Is your site vulnerable to SQL Injection Attack? How about Cross Site Scripting? Are you even sure you know enough about those 2 vulnerabiities to protect against them?
This post is a continuation of a 5 part series on security called "The Application Security Pyramid". The introduction introduced a new metaphor for dealing with security that loosely mimics Maslow's heirarchy of self-actualization. In Part I I discussed the importance of "border patrol" technology to safeguard your network. In part II I discussed internal Policing and People Policy. In Part III I discussed the importance of managing the security framework of your actual application and how it relates to it's specific environment. In this, our final post in the series, we will discuss securing your application code itself.
This post is a continuation of a 5 part series on security called "The Application Security Pyramid". The introduction introduced a new metaphor for dealing with security that loosely mimics Maslow's heirarchy of self-actualization. In Part I I discussed the importance of "border patrol" technology to safeguard your network. In part II I discussed internal Policing and People Policy. In this post we will deal with the importance of maintinaing a secure "environment" for your application.
This post is a continuation of a 5 part series on security called "The Application Security Pyramid". The introduction introduced a new metaphor for dealing with security that loosely mimics Maslow's heirarchy of self-actualization. In Part I I discussed the importance of "border patrol" technology to safeguard your network. This post will deal with internal Policing and People Policy.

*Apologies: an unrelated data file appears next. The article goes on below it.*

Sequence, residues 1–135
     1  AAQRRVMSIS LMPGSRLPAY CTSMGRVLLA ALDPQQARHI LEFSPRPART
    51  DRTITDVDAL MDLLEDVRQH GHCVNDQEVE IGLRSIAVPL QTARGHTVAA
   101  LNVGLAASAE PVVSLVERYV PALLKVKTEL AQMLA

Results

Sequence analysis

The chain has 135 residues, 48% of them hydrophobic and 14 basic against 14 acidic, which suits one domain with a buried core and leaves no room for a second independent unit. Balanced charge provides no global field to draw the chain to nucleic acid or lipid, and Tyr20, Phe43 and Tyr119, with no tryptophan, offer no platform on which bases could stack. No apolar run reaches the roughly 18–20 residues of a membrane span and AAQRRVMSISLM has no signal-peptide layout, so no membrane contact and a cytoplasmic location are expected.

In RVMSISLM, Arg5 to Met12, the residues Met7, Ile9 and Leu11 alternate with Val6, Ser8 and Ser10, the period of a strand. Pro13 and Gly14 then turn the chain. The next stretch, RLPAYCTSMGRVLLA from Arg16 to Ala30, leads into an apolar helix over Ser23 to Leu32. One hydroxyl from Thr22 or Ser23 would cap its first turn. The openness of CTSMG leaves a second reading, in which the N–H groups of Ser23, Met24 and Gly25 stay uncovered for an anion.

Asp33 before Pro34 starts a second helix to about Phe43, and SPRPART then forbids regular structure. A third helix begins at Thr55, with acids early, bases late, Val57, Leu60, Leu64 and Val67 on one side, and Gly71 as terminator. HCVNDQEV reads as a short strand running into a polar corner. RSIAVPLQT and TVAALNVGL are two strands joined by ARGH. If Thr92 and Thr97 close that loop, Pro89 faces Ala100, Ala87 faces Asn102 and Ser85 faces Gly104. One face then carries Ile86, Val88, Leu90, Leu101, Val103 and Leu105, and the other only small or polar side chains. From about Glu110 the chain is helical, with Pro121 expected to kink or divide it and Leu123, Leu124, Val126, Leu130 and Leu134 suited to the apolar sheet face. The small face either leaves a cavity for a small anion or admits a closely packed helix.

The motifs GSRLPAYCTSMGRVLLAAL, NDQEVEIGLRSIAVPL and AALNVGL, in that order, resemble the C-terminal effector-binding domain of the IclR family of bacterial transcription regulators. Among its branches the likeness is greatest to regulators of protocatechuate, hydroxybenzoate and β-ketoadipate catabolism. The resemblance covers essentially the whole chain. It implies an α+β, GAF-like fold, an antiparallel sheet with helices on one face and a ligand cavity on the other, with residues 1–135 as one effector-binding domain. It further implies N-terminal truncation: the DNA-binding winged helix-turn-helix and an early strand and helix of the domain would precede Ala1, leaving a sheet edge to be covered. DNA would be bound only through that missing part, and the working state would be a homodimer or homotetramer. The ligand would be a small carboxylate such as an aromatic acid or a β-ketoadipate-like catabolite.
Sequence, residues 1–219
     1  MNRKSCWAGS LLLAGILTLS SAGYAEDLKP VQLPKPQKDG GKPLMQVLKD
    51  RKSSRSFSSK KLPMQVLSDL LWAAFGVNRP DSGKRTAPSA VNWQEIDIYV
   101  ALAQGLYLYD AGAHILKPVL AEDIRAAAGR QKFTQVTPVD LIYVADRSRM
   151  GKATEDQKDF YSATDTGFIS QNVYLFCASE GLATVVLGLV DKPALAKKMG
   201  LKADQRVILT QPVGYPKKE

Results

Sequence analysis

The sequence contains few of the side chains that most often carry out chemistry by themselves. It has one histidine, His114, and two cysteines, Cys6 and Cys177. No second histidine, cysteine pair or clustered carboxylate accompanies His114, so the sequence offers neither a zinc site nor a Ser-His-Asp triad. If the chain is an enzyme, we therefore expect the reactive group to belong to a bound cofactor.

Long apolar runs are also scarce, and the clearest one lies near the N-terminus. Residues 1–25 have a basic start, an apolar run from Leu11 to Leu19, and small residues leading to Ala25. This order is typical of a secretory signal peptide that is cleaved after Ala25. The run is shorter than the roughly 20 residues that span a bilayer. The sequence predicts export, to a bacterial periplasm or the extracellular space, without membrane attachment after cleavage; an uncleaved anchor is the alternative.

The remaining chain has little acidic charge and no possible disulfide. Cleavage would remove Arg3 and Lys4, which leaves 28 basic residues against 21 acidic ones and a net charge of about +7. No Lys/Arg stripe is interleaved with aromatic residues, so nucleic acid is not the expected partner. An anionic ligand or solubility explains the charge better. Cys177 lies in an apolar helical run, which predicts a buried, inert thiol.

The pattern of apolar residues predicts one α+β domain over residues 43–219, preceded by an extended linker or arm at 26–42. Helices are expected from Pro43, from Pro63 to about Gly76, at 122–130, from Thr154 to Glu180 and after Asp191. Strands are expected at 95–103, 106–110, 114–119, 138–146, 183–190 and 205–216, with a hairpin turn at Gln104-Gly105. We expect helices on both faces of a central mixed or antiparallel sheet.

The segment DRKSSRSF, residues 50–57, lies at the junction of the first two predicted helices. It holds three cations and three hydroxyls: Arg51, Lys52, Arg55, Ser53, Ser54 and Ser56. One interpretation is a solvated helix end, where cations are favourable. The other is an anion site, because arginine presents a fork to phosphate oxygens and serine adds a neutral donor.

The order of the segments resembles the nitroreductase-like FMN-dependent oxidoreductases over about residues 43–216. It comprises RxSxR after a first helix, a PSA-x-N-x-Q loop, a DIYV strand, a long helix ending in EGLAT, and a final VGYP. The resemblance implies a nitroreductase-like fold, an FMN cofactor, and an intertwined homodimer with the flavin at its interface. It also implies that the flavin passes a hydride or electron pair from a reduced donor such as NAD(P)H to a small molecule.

It's not enough to have effective border agents to feel safe. We also have to have effective policing inside our borders. After all, there are people here who are forced to work for the post office and they need watching. A system of policing and civil services keep us operating in safety and harmony with one another. This is the next two blocks on our pyramid - internal policing and people policy.
In my Previous Post I introduced a new metaphor for thinking about security. The purpose of this metaphor is to give us a framework for discussing the topic with stakeholders who have a cavalier attitude toward security, or who have fallen into the habit of relying on mere network security to keep them safe. We discussed how current metaphors that are physical in nature don't do enough to encompass the whole realm of security when it comes to addressing a specific application. A new metaphor is needed. I came up with a model based on Maslow's hierarchy of self-actualization (it sounds pompous but hey - it works for me). If you want to know more, read on.